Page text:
Fishing chamber says court ban on shrimp trawlers has cost jobs

Shrimp processing companies in Costa Rica continue to lay workers off and shut down operations as the fishing industry suffers without regulatory laws, according to the Puntarenas fishing chamber of commerce.

Talmana, one of the nation’s principal shrimp factories, recently went out of business, leaving 132 former employees without jobs, the chamber said. Another company, Don Emmanuel del Pacífico, cut its workforce by 50 percent, it added. There is a Sala IV prohibition on trawler net fishing that damages coral and traps turtles.

The government fishing regulation agency, the Instituto Costarricense de Pesca y Acuicultura, is not allowed to issue new licenses or reactive expired ones to those who fish with shrimp trawler nets.

The Cámara Puntarenense de Pescadores is now calling on lawmakers in the Asamblea Legislativa to pass legislation that would regulate semi-industrial shrimpers. Chamber President Roy Carranza said legislators need to help fishermen by changing the fishing law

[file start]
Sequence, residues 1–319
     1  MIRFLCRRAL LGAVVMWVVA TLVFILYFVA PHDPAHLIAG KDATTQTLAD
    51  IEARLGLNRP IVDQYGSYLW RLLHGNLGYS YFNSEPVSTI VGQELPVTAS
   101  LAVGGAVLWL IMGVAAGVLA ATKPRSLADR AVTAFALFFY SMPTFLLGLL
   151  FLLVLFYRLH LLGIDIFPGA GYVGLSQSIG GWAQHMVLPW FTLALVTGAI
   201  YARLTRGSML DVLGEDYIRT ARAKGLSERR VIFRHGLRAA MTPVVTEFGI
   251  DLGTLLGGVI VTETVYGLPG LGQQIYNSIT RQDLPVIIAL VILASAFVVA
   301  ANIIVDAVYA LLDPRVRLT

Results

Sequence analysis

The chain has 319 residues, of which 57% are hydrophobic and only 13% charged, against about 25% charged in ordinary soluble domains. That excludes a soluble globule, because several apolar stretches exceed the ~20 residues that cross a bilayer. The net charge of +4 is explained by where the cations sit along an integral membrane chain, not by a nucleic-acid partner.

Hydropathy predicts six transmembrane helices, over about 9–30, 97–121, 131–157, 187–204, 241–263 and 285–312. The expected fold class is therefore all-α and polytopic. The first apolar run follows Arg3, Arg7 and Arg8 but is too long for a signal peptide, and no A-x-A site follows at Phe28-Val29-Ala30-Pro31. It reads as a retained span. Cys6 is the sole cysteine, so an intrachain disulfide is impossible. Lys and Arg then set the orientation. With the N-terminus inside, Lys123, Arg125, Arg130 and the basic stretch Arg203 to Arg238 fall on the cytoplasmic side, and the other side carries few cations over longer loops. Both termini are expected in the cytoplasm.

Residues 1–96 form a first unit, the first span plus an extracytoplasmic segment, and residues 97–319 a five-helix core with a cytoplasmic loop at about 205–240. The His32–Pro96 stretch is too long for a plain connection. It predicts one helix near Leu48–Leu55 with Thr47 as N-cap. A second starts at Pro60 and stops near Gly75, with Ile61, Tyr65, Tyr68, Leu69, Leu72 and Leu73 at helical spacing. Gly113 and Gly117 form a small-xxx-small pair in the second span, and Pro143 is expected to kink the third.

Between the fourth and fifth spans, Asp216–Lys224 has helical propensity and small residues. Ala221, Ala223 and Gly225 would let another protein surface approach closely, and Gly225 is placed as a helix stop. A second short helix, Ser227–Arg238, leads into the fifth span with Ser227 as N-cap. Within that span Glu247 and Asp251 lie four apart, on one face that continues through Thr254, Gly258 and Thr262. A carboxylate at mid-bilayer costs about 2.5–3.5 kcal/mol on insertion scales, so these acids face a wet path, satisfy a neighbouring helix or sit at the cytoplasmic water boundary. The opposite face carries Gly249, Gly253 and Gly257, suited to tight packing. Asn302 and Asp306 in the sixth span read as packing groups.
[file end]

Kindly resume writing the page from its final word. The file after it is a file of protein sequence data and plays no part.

to more fairly accommodate them, or else more jobs will be lost.

“What we’re going through in Puntarenas is a true emergency,” Carranza said. “Hundreds of families are without jobs and without power to bring food into their homes. For us fishermen that get our livelihoods from shrimping, there is no other way than the modification of the Ley de Pesca, which is not a priority in the Asamblea Legislativa right now.”

The chamber has long campaigned for official laws that encourage sustainable fishing practices and allow for fishermen to have more access to fishing licenses. So far this year, two fishing licenses of chamber members have expired, leading to the layoffs of 60 workers. Carranza said another expiration coming in August will cause 30 more jobs to be lost if the government does not act quickly to turn things around.

“We feel helpless because government authorities don’t realize the impact that this brings to our families in Puntarenas,” Carranza said. “How is it possible that they don’t care about this problem and that they don’t come to us to eliminate any doubts or to know more about our livelihoods and the sustainable practices we employ?”

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